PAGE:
In order to become infected with hepatitis b (HBV), one must be exposed to infected bodily fluids, including seminal, vaginal and blood. Intravenous drug use (sharing needles with others) and sexual activity are the most common ways it is contracted. According to the Center for Disease Control (CDC), approximately 1.2 million people in the United States have HBV – a significant proportion include those who inject drugs. Most cases do not lead to long-term effects, with about one to five percent becoming chronic conditions.
This form of hepatitis is common in people who are injection drug users. Hepatitis c (HCV) spreads the same way as type b – through blood, vaginal and seminal fluids, sharing needles and sexual activity. It is among the top bloodborne diseases worldwide and affects as many as 3.9 million people in the United States. According to scientific research, 80 percent of people with HCV have a chronic form of infection. Medications are available that make the virus undetectable and eliminate symptoms successfully in the majority of patients regardless of length of infection.
Hepatitis D (HDV) – also called delta hepatitis – spreads in the same way as types b and c. This variation is different in that for someone to become infected; they must already have type b. However, HDV is not common in the United States and only a small fraction of people with hepatitis b become infected.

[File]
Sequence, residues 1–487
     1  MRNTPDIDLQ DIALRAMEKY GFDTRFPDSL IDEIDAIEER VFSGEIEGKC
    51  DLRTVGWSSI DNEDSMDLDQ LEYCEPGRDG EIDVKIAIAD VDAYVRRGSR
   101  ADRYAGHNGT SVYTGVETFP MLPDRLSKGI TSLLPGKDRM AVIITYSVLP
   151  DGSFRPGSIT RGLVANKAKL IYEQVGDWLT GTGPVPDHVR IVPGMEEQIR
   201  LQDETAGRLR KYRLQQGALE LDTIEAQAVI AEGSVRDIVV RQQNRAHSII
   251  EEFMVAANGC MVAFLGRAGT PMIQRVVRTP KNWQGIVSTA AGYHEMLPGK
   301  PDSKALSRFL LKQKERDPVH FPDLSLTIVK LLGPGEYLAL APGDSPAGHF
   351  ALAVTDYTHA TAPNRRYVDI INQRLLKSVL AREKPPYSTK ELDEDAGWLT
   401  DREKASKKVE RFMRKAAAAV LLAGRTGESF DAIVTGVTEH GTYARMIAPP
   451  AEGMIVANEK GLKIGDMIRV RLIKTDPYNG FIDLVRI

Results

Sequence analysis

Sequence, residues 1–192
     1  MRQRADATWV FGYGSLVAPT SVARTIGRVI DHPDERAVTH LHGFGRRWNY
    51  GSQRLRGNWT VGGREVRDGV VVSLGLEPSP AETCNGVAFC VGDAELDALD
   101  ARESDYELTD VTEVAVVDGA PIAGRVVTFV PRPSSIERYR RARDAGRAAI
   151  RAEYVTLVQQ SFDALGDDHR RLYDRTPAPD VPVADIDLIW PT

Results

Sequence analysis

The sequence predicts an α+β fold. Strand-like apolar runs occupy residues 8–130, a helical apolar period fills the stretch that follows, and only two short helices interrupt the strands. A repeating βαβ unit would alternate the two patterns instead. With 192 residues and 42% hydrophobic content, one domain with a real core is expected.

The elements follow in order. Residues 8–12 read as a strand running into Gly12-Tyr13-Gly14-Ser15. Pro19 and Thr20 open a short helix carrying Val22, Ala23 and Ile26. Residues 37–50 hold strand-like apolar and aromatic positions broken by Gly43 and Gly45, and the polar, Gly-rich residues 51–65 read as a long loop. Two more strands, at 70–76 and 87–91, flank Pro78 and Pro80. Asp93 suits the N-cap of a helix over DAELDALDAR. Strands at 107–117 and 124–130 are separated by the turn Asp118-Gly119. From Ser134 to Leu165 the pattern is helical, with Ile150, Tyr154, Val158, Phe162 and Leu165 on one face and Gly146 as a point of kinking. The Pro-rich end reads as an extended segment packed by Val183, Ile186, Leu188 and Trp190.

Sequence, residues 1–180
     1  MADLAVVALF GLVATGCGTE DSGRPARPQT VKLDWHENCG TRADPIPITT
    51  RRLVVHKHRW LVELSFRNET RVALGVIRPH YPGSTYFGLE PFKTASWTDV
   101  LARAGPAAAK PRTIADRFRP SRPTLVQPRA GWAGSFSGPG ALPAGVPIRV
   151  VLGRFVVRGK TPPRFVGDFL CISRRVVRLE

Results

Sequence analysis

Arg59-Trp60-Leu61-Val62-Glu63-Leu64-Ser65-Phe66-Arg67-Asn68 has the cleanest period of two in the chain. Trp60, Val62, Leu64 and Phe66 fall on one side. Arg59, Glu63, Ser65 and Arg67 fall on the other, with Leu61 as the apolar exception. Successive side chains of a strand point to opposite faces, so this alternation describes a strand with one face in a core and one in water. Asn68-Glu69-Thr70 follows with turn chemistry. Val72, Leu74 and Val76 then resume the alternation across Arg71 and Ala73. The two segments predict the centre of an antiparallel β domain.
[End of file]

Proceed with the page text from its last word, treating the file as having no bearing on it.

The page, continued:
How Is Hepatitis Treated?
People with metabolic hepatitis should stop using all drugs and alcohol completely immediately upon diagnosis. Damage to the liver may be reversed with early intervention, but severe alcoholic hepatitis is difficult to treat, with approximately 20 to 50 percent of patients dying within four weeks. For this reason, it is important that someone seek medical attention while in the early phases of the disease.
Treatment for viral hepatitis varies depending on the type. Most of the time, treating hepatitis b (HBV) is unnecessary, but this is not the case for some people. Older patients and those with other medical conditions are at an increased risk of requiring hospitalization. This includes people with HIV/AIDS. Medication may be necessary to treat chronic, long-term HBV. Conversely, 80 percent of people with hepatitis c (HCV) do not improve with medical treatment. These patients are considered to have chronic HCV, a condition that can become permanent. In these instances, treatment involves preventative measures that reduce the likelihood of developing life-threatening complications. It usually includes medications (to prevent cirrhosis and other issues) and does not focus on curing the disease.
How Do I Get Help?
If you or a loved one has is struggling with addiction and hepatitis symptoms, it is critical to seek professional medical assistance immediately. At Recovery Unplugged, we have locations across the country equipped with doctors, nurses and other medical professionals experienced in treating addiction and associated health conditions within a medical setting. We use a holistic approach to treatment and are the leading provider of music-assisted therapy. We accept most private insurance carriers and offer financing options. Do not wait any longer. Reach out to us today to prevent additional and potentially fatal complications resulting from addiction.